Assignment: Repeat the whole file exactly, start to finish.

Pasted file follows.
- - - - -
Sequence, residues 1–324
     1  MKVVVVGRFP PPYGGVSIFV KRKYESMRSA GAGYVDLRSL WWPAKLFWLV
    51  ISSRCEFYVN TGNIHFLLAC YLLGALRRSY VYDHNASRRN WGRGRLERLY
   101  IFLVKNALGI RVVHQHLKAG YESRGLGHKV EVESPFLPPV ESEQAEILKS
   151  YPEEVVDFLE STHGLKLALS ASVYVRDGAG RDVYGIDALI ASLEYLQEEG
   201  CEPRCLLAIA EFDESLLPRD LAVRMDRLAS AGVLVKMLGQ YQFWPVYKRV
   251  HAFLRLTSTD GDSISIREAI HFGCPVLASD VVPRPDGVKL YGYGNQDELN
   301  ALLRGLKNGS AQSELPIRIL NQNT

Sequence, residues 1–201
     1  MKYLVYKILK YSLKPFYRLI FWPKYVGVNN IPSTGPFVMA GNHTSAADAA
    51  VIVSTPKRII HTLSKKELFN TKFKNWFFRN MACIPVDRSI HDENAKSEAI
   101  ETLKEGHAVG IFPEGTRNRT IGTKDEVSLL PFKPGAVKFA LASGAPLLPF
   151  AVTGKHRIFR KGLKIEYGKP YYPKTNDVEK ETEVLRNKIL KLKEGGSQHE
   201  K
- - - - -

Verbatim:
Sequence, residues 1–324
     1  MKVVVVGRFP PPYGGVSIFV KRKYESMRSA GAGYVDLRSL WWPAKLFWLV
    51  ISSRCEFYVN TGNIHFLLAC YLLGALRRSY VYDHNASRRN WGRGRLERLY
   101  IFLVKNALGI RVVHQHLKAG YESRGLGHKV EVESPFLPPV ESEQAEILKS
   151  YPEEVVDFLE STHGLKLALS ASVYVRDGAG RDVYGIDALI ASLEYLQEEG
   201  CEPRCLLAIA EFDESLLPRD LAVRMDRLAS AGVLVKMLGQ YQFWPVYKRV
   251  HAFLRLTSTD GDSISIREAI HFGCPVLASD VVPRPDGVKL YGYGNQDELN
   301  ALLRGLKNGS AQSELPIRIL NQNT

Sequence, residues 1–201
     1  MKYLVYKILK YSLKPFYRLI FWPKYVGVNN IPSTGPFVMA GNHTSAADAA
    51  VIVSTPKRII HTLSKKELFN TKFKNWFFRN MACIPVDRSI HDENAKSEAI
   101  ETLKEGHAVG IFPEGTRNRT IGTKDEVSLL PFKPGAVKFA LASGAPLLPF
   151  AVTGKHRIFR KGLKIEYGKP YYPKTNDVEK ETEVLRNKIL KLKEGGSQHE
   201  K